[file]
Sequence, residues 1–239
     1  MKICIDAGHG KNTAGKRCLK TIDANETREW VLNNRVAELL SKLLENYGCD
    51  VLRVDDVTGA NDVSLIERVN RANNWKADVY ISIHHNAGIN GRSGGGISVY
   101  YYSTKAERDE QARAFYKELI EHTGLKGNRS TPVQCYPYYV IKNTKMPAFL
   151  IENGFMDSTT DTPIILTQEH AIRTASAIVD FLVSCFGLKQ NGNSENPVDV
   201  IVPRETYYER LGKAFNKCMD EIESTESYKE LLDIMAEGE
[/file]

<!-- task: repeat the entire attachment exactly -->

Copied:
Sequence, residues 1–239
     1  MKICIDAGHG KNTAGKRCLK TIDANETREW VLNNRVAELL SKLLENYGCD
    51  VLRVDDVTGA NDVSLIERVN RANNWKADVY ISIHHNAGIN GRSGGGISVY
   101  YYSTKAERDE QARAFYKELI EHTGLKGNRS TPVQCYPYYV IKNTKMPAFL
   151  IENGFMDSTT DTPIILTQEH AIRTASAIVD FLVSCFGLKQ NGNSENPVDV
   201  IVPRETYYER LGKAFNKCMD EIESTESYKE LLDIMAEGE